Reader in the Department of Anthropology, London School of Economics and Political Science
Alpa Shah’s research has been driven by concerns for inequality, how it is produced and addressed, and how ordinary people experience it. She has drawn on extensive long-term ethnographic field research in India, and more recently Nepal, to comment on themes ranging from: the intersection of class, caste and ethnicity/indigeneity in indigenous rights activism and politics; the moral and political economy of the developmental state, programmes of poverty alleviation and practices of corruption; transformations in the agrarian economy and seasonal casual labour migration; citizenship, education and the politics of affirmative action policies; and the spread of emancipatory politics through class struggle, notably the Maoist movements.
Alpa Shah’s first major research, in Jharkhand State in Eastern India, analysed how the region’s indigenous or adivasi people understood the modern liberal developmental state, why they rejected it, and how they resurrected an alternative sacral-polity rooted in values of mutual exchange, consensus in decision-making and egalitarianism. In the Shadows of the State considers the significance of the politics of these alternative values in relation to the discourses promoted by international indigenous rights and development activists. Seeking to promote a class analysis in relation to a culture based politics, Shah argues that these well-meaning activists may unintentionally misrepresent and further marginalise the very people they intend to save.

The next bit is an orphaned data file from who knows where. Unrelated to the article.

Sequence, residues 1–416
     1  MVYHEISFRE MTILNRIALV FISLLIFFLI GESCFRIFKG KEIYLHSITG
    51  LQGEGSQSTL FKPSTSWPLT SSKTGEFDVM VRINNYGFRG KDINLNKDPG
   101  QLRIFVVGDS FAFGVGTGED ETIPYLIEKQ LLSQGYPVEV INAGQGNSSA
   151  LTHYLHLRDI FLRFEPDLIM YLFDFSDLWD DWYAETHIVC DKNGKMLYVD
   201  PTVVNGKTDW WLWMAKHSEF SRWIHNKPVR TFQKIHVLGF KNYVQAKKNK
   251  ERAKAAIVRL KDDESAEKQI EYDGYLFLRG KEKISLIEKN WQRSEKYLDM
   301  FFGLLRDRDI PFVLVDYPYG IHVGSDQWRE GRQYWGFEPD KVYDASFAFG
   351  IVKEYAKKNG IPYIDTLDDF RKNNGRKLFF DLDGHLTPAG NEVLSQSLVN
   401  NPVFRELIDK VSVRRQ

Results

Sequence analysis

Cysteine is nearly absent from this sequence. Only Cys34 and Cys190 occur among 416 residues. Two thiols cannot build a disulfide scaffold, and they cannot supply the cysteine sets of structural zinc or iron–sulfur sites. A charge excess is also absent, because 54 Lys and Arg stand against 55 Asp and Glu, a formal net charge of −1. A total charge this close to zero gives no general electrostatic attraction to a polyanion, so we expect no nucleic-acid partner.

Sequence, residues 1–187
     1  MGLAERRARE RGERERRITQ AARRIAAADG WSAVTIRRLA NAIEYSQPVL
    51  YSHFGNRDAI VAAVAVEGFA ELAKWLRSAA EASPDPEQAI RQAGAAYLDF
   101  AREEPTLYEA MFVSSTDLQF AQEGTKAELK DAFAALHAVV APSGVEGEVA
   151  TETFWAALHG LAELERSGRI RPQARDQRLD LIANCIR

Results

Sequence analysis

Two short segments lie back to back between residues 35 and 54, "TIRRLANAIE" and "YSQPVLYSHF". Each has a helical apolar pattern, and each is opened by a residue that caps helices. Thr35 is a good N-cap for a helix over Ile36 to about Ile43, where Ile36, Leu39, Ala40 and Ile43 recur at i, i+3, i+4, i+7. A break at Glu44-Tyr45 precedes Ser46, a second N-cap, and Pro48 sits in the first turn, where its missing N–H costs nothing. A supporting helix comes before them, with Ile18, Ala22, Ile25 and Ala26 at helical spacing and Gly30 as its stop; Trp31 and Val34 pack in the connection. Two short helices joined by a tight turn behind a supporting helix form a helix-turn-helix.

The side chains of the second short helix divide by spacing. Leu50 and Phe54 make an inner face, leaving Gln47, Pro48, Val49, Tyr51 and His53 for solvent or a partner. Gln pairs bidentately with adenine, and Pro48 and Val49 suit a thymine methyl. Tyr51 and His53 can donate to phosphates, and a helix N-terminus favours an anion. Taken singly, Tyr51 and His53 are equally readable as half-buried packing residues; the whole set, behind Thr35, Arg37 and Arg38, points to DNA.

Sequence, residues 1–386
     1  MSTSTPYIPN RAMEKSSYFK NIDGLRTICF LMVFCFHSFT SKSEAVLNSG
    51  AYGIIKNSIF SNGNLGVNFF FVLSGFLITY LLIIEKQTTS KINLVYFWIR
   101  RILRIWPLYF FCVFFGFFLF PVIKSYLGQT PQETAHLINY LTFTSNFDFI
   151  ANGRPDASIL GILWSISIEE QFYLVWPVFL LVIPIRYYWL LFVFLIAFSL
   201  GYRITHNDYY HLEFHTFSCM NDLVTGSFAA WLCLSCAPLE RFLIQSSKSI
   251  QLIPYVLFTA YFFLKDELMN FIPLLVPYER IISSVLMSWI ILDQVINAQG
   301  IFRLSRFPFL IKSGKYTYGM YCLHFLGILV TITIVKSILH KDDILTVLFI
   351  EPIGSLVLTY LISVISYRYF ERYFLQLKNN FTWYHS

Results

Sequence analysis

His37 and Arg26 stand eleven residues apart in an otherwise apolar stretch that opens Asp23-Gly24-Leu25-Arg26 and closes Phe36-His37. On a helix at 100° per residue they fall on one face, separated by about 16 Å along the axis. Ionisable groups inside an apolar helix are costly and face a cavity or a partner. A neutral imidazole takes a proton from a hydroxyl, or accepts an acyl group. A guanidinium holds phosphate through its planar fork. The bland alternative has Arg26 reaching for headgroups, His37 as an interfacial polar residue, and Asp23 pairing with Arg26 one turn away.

More recent research focuses on the spread of revolutionary movements and analyses a Marx, Lenin and Mao inspired guerrilla insurgency in India and also Nepal. Windows into a Revolution illuminates the intimacies of everyday life amidst the spread of the class struggles in both countries. Dr Shah is currently working on a book-length manuscript on the Indian Naxalite or Maoist movement and has made a 30 minute documentary with BBC Radio 4, ‘India’s Red Belt|’ for the Crossing Continents series as well as reported for BBC Radio 4’s 'From Our Own Correspondent|' on the guerilla insurgency.
A third strand of research on inequality and affirmative action| analyses the impact of state legislation against institutionalised hierarchy. This work is explicitly comparative and focuses on the lessons learned from Indian policies of affirmative action (in dealing with caste) for the constitution making process underway in Nepal, and also considers the South Asian cases in relation to Latin America (and ethnicity/indigeneity). Explored through this research are: notions of justice and rights in the making of citizenship; the legacies of socialism and the effects of liberalization policies on the possibilities offered by affirmative action; as well as the relationship between political and socio-economic inequality.